Just uttering the name can strike fear into the hearts of unhardened heroes. Only the fiercest, most grizzled, and perhaps most masochistic warriors possess the mettle to face the many challenges that lay ahead, be it across the land of Boletaria, Lordran, Drangleic, or the latest dark frontier of Lothric.
Dark Souls III continues the saga of courageous undead fighting to rekindle the First Flame and prolong the Age of Fire, thereby saving the world for yet another cycle of relative peace from the horrors that arise as the flame dwindles and darkness encroaches.
For players, that means that FromSoftware and Hidetaka Miyazaki have built yet another massive world to explore, full of formidable foes, great and small. And while difficulty in the Souls-iverse has proven to be entirely subjective due to the wide range of character builds, combat strategies, and custom-forged available, this may very well be the toughest journey to date.
Dark Souls III is once again helmed by the director of the first three Souls games, and after some negative response from the most entrenched of the Souls community to Dark Souls II (an excellent game that brought great improvements to the series, by the way), much of what’s found in this newest entry feels crafted to oppose elements of that game’s design and call back to Dark Souls and even the seminal Demon’s Souls. Dark Souls III therefore feels somewhat like an anthology of Souls history or an amalgamation of elements from its predecessors.
And the choices are mostly strong. Enemy design is creative and varied, giving players new and interesting things to combat throughout the adventure. This is only amplified by the fact that enemy behavior and attack patterns follow suit and keep players guessing with each new onslaught. The game’s pace seems to have taken a cue from FromSoftware’s 2015 game, Bloodborne, making combat feel more active as a result.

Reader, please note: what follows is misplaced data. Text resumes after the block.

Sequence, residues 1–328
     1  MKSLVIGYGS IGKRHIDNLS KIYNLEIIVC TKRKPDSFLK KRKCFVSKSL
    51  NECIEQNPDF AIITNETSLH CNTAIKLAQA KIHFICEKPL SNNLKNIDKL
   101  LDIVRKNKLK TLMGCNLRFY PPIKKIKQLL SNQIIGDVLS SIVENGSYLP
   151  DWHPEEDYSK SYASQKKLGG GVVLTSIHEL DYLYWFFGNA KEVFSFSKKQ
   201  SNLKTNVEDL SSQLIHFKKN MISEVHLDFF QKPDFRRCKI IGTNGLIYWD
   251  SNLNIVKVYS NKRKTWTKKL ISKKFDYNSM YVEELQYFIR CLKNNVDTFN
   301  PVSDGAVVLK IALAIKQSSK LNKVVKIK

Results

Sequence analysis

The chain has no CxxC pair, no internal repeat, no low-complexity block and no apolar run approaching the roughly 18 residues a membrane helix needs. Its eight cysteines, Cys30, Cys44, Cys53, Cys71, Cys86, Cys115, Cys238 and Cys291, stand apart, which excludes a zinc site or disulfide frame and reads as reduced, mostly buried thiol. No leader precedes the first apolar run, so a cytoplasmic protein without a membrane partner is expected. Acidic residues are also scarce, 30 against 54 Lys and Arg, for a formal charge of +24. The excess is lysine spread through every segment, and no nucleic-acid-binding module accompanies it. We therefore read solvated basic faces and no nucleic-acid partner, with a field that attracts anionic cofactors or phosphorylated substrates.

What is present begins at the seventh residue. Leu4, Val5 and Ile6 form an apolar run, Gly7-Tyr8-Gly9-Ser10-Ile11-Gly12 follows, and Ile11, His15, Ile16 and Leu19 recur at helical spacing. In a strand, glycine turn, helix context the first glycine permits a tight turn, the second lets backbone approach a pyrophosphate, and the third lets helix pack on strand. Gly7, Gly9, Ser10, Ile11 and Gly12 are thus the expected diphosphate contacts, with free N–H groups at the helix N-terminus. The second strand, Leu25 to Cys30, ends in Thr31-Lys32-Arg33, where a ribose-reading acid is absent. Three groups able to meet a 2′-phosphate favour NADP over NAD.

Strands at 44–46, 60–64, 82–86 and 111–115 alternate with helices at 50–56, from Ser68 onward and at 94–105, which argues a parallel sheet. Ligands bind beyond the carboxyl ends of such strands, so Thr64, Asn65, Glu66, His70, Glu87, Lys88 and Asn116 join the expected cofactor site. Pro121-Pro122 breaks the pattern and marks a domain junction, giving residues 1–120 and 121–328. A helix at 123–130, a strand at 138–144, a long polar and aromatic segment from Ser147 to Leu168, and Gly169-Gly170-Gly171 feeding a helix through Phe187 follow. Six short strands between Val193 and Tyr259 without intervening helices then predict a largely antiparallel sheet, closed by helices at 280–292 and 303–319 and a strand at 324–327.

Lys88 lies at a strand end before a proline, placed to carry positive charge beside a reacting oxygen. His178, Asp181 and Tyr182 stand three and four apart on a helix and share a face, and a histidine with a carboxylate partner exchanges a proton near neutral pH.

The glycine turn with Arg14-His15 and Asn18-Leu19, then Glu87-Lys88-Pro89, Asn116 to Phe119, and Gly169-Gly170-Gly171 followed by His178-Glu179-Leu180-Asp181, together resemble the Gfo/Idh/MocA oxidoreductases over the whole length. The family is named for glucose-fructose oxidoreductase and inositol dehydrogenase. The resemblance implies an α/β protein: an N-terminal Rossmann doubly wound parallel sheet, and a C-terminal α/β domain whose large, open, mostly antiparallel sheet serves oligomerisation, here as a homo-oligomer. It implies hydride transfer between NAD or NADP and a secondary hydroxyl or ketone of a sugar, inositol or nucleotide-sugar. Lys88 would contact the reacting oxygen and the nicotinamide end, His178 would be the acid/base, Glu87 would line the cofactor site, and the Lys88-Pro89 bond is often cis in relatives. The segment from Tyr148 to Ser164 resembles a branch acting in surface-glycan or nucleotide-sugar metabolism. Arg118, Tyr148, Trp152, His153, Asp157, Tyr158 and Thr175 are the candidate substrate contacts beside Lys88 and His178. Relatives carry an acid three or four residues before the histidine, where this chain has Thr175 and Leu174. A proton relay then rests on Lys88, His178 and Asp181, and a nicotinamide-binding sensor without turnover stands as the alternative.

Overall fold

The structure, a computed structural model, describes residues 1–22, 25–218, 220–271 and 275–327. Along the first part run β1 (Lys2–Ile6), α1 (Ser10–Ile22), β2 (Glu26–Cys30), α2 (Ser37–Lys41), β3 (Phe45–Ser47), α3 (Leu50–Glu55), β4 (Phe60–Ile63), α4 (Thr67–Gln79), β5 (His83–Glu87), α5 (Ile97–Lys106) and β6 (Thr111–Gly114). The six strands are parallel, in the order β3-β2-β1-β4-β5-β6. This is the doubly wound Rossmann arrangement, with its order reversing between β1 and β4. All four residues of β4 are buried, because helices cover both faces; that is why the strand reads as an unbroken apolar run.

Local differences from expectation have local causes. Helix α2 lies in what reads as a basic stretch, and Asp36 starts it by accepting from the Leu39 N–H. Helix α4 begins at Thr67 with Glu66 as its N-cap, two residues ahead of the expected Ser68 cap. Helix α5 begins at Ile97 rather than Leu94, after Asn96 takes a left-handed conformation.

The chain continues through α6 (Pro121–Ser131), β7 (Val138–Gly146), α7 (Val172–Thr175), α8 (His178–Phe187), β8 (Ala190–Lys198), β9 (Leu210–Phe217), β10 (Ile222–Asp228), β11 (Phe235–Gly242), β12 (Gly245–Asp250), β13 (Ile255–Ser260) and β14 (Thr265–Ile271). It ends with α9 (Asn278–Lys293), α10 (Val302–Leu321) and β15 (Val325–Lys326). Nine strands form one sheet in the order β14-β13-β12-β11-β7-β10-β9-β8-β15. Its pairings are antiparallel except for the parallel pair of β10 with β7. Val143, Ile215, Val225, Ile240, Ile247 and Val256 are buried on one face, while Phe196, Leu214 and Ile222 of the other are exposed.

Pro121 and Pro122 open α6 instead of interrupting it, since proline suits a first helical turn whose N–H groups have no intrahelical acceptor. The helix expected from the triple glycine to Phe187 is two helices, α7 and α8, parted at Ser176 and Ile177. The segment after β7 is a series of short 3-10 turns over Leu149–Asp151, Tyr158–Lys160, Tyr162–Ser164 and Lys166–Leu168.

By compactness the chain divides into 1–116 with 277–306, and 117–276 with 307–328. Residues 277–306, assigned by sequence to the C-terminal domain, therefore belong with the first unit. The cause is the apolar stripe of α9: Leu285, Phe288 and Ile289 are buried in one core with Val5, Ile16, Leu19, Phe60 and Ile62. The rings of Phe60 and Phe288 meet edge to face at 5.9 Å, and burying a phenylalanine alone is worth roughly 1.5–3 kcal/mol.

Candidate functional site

For those who know and love the Souls franchise for its more measured, cautious exploration, however, this may strike a subtle chord and leave a particular itch unscratched, because for every step to “improve” combat in this way, some of the old atmosphere is lost.
Which brings me to perhaps the most unwelcome change in Dark Souls III: a notable homogeneity in its art direction. Level design–pathfinding and progression–has shifted in a way that will please some and disappoint others, but the aesthetic design of the environments in Dark Souls III has lost its diversity, and with it much of the sense of wonder that came with stepping into a new area for the first time in previous games. Here, most of the areas serving as backdrops to the famous Souls gameplay are stone castles or stone towns or stone catacombs or stone roadways. There’s still an impression of size and expanse–you can look back from a later area and see your journey’s distant starting point in miniature rising above the horizon–but these views no longer inspire awe quite the way they did in the past.
Exploration suffers on a visceral level due to this change of scenery, or lack thereof. And because the geography of Dark Souls III consists mostly of a string of discrete areas on a continuous path, the opportunity to direct one’s own adventure feels somewhat revoked in this game, as well. Previous Souls titles consistently put players in a position where they could choose their next move from among a number of possible ways forward to who-knows-where. Dark Souls III presents an intricate and impressive web of pathways within each area, but the overall map features fewer branches, and therefore less mystery and trepidation to the adventure as a whole.
It’s in the mechanics that Dark Souls III‘s fire burns brightest. The aforementioned enemy AI works in synergy with a refined and improved combat system that includes new weapon-specific skills as well as a new system via which players divide their estus flask’s healing ability between health and focus points, the latter of which power both skills and spells. These elements, along with a general tightening of controls across the board, add layers of depth and complexity to what was already a brilliant design from a mechanical perspective.
For some, this will be enough. The tactile feedback of a world fighting as hard as ever back against you will be incredibly satisfying, and the difficulty upon which the legend of the Souls games has been built is at its peak in Dark Souls III. But for others, the essence of the Souls games lies in its world, oppressive and daunting not simply because of its inhabitants but by virtue of its mood; by the character of the place itself. While it was still great, Dark Souls III just couldn’t captivate me to the extreme degree that its predecessors–my favorite games–were able to do. For me, the fierce opposition in these games may be what fuels their challenge, but it’s the world that consumes my soul.